By Paul Thomas
In his revolutionary book Re-Imagine! Business Excellence in a Disruptive Age*, Tom Peters explains the importance of the question “What is (v-e-r-y) special about you?”
Asking this question of yourself, and grappling with a brutally honest answer, is arguably the most important FirstStep in choosing a career path that will sustain both your wallet and your happiness throughout the forty to fifty years you’ll spend (hopefully) contributing to the economy.
In our parents’ generation, the key question was different. There was a range of “sure-fire” recipes for success: Simply complete the correct degree at the right university; work hard; arrive on time; dress smartly; etc. If you followed these steps you could revel in a guaranteed pay-cheque each month and many years of looking forward to retirement.
In our generation the pathways to success are more numerous, individualised and varied. There are many people who have degrees and are prepared to work hard, but cannot find a “job”. The reasons for this are layered and often politicised but, once we strip away the emotionality, it probably boils down to the fact that these graduates were not exceptional within their chosen field.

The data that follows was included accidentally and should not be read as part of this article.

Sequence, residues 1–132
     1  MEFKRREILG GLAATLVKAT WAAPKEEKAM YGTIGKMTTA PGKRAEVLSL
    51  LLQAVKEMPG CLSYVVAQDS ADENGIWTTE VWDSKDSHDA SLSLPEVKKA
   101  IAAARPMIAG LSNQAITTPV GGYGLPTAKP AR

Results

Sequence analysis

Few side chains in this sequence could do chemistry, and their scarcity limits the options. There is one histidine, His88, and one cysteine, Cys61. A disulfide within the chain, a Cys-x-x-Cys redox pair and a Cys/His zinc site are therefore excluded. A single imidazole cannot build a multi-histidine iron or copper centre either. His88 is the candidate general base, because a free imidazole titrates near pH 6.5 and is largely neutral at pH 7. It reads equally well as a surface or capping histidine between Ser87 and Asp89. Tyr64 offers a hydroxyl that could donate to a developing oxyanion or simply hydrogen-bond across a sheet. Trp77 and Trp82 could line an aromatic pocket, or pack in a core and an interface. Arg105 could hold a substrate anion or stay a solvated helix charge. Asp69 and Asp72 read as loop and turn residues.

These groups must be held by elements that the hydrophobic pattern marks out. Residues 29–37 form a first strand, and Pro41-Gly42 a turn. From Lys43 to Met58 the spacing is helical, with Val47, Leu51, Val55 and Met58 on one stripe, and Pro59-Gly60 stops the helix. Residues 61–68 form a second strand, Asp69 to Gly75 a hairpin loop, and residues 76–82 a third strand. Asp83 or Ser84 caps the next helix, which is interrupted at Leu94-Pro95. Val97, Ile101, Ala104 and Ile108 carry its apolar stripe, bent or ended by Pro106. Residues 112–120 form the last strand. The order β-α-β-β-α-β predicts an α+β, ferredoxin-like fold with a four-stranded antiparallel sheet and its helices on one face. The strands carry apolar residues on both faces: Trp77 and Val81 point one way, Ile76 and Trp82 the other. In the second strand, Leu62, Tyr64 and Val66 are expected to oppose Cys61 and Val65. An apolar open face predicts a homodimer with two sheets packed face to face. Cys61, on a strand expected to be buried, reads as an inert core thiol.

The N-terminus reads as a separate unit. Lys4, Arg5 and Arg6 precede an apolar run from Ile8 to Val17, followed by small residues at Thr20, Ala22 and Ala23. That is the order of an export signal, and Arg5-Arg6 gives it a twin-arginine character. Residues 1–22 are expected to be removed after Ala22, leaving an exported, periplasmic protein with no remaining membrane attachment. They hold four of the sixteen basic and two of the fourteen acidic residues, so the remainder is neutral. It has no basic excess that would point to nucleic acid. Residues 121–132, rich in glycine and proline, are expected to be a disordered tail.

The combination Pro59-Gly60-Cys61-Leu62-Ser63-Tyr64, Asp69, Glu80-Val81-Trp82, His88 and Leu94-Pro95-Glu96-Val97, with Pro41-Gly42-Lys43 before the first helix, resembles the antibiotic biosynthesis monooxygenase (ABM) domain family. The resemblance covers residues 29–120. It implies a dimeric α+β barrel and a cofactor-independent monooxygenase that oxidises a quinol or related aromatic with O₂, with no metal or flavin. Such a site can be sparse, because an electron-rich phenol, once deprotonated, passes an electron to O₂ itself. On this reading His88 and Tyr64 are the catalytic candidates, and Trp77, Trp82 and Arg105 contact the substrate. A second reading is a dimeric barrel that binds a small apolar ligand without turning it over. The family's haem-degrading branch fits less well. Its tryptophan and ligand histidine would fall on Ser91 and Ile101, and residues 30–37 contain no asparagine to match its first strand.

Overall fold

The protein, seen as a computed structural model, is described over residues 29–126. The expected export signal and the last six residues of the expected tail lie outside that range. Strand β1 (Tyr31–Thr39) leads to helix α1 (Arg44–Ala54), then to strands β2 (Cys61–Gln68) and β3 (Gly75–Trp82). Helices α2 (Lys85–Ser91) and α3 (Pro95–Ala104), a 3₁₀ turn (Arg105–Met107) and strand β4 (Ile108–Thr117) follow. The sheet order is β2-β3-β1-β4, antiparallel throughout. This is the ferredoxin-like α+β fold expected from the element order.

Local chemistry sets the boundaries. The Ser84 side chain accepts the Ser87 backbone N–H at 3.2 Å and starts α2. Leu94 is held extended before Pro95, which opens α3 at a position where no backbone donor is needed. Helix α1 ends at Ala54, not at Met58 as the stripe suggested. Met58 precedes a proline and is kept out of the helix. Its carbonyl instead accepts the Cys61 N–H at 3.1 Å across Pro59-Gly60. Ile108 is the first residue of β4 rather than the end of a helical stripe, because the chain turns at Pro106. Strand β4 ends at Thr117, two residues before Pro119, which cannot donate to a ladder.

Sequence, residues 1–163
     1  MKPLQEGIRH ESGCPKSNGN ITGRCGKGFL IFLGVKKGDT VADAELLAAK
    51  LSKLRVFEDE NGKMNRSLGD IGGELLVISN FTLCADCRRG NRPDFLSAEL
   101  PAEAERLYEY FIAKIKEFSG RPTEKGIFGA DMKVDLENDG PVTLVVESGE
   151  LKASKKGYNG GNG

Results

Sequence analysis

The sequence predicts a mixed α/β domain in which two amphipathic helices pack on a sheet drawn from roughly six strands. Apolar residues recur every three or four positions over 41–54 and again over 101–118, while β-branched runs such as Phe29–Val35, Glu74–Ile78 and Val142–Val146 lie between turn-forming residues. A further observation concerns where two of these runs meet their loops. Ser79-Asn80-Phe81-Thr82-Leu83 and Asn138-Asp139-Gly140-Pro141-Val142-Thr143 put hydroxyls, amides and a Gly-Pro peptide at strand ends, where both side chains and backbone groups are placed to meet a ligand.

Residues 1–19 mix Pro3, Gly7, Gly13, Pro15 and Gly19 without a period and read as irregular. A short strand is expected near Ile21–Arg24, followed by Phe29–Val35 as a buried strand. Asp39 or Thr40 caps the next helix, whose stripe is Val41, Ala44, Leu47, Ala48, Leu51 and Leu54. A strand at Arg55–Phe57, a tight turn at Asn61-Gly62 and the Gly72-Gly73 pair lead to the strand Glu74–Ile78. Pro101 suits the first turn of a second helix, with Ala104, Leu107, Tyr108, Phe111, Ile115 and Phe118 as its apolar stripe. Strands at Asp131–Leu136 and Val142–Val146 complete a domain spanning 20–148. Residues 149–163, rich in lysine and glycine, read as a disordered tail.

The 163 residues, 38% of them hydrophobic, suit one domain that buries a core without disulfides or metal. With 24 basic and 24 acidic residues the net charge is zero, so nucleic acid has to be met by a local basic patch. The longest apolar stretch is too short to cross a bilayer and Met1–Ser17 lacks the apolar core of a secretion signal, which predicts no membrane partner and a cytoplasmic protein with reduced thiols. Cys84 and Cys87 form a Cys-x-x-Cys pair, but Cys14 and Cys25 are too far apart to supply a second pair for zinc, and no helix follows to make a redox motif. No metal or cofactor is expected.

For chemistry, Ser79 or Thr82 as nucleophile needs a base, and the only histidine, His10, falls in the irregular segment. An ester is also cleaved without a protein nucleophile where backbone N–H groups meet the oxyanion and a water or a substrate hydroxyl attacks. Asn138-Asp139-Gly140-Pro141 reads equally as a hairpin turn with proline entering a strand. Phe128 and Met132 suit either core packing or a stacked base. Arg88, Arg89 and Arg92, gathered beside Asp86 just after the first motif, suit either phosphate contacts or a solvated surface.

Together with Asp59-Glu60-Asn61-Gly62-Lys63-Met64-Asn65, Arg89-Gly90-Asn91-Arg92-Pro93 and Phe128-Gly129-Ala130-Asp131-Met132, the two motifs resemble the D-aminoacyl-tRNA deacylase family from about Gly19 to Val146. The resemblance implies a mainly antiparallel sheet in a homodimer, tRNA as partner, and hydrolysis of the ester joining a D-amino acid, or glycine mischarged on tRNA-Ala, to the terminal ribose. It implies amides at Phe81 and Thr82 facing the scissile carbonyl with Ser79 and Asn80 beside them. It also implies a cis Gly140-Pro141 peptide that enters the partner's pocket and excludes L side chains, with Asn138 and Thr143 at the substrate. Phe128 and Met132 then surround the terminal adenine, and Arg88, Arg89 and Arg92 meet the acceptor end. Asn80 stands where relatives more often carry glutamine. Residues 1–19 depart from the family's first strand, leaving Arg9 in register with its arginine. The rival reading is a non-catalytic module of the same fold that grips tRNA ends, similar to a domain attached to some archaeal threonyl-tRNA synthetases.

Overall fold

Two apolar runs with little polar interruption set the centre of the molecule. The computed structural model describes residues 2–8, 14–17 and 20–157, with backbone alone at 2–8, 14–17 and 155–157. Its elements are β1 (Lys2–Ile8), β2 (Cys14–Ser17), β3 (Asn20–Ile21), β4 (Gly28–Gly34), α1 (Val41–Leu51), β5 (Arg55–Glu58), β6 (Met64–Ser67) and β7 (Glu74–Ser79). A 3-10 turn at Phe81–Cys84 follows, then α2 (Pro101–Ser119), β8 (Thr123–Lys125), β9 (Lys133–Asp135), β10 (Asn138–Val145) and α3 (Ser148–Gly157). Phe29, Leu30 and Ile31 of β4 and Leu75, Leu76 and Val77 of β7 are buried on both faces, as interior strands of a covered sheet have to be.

Fortunately, there are now opportunities that were way beyond the wildest imaginations of the previous generation - opportunities to study and work in an area you love, and make a successful career out of the thing that makes you special. If you follow somebody else’s pre-defined recipe for success, but forget to find your passion (the domain where you’re most likely to stand out from the masses) you may end up an unemployment statistic. In present-day South Africa, an exceptional artist finds work more easily and makes more money than a mediocre lawyer.
Interrogate the advice you’re given. Is your roadmap to success the same one your grandparents used? Has the terrain changed since then?
Question your choices….constantly!
*READ IT* Peters, T. (2003). Re-Imagine! Business Excellence in a Disruptive Age. Dorling Kindersley: London